The computer science and management literatures are remarkably lacking in discussion of the issues and the impacts examined in this paper. As a result, they have yet to mature into a literature on appropriate business processes for acquiring and consolidating big data, and applying big data analytics. The information systems literature could be expected to be more sceptical, and more helpful to decision-makers in business and government. Yet, as at the end of 2014, the entire AIS electronic library contained but one paper whose Abstract included both 'big data' and either 'risk assessment' or 'risk management'. The results of the research reported in this paper, limited though it was to an analytical and quasi-empirical base, make clear that much more care is warranted.

Appendix 1: Big Data Scenarios
(1) Precipitation Events

Historical rainfall data has been gathered from many sources, across an extended period, and across a range of geographical locations. The collectors, some of them professional but mostly amateurs, used highly diverse collection methods, with little calibration and few controls. The data is consolidated into a single collection. A considerable amount of data manipulation is necessary, including the interpolation of data for empty cells, the arbitrary disaggregation of long-period data into the desirable shorter periods, and, in some cases, arbitrary disaggregation and reaggregation of data (e.g. to reconcile midnight-to-midnight with dusk-to-dusk recording times).

Attempts are made to conduct quality audits against such sources as contemporaneous newspaper reports. However, these prove to be too slow and expensive, and are curtailed. Analytical techniques are applied to the data. Conclusions are reached about historical fluctations and long-term trends, with appropriate qualifications expressed. Analysts then ignore the qualifications and apply the data as though it were factual rather than a mix of facts and interpolations. Climate-change sceptics point to the serious inadequacies in the database, and argue that climate-change proponents, in conducting their crusade, have played fast and loose with scientific principles.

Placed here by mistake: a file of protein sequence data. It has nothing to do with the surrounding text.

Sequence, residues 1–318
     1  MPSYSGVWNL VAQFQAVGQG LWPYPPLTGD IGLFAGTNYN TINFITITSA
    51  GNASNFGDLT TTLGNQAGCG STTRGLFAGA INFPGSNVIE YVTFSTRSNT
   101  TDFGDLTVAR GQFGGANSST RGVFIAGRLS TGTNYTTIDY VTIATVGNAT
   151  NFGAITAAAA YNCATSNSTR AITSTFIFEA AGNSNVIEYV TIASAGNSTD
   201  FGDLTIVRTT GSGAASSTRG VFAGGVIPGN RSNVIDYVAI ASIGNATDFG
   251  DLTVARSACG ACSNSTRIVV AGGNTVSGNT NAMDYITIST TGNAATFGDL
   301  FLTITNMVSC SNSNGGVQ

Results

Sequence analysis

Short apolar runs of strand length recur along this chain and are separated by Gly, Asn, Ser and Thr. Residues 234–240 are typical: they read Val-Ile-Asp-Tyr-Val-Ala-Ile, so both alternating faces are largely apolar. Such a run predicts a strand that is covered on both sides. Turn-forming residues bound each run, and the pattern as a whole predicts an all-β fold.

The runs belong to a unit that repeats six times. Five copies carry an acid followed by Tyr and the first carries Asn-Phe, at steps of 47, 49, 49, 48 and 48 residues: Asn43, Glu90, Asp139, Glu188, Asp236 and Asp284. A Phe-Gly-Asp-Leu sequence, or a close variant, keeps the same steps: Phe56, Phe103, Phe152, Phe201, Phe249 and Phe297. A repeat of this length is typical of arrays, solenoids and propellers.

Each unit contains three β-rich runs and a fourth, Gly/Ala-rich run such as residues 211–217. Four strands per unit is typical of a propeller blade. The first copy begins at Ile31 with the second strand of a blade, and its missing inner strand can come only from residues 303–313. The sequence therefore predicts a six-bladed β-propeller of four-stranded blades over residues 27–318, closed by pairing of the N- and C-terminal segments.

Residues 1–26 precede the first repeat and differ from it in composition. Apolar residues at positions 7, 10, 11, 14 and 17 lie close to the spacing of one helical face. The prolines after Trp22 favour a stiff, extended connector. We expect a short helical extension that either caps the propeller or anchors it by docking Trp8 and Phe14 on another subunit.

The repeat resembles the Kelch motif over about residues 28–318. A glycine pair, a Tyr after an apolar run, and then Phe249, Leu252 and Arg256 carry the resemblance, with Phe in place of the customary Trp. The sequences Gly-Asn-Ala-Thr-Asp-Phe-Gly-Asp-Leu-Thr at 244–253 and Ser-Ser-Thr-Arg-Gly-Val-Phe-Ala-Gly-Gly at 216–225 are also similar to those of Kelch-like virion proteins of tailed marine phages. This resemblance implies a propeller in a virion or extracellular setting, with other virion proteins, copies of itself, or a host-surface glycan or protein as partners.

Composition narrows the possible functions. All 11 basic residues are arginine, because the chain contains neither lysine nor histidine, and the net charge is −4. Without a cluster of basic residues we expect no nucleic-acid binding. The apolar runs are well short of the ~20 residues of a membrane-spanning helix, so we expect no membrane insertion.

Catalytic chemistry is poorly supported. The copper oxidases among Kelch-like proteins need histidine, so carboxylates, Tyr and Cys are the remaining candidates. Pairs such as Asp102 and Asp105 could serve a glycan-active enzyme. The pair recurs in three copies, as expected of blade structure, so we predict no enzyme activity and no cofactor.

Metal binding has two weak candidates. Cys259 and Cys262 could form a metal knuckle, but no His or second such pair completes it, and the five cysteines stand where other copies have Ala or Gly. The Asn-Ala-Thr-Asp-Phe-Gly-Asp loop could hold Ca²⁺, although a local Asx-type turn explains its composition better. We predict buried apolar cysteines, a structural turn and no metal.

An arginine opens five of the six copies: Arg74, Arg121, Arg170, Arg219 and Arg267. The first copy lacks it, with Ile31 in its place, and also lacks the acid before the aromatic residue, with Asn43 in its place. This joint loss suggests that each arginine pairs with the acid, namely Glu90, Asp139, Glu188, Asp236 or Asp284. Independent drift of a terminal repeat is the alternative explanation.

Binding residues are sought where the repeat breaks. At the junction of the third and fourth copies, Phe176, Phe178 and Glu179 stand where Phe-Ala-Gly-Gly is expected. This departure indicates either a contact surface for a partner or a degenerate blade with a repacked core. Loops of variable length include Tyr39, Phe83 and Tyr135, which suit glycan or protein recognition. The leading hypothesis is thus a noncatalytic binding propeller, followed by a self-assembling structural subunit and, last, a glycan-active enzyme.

(2) Creditworthiness

A financial services provider combines its transactions database, its records of chargebacks arising from fraudulent transactions, and government statistics regarding the geographical distribution of income and wealth. It draws inferences about the risks that its cardholders create for the company. It uses those inferences in its decision-making about individual customers, including credit-limits and the issue of replacement and upgraded cards.

Although not publicised by the company, this gradually becomes widely known, and results in negative media comments and recriminations on social media. Questions are raised about whether it conflicts with 'redlining' provisions in various laws. Discrimination against individuals based on the behaviour of other customers of merchants that they use is argued to be at least immoral, and possibly illegal, but certainly illogical from an individual consumer's perspective. The lender reviews the benefits arising from the technique, the harm done to its reputation, and the trade-off between the two.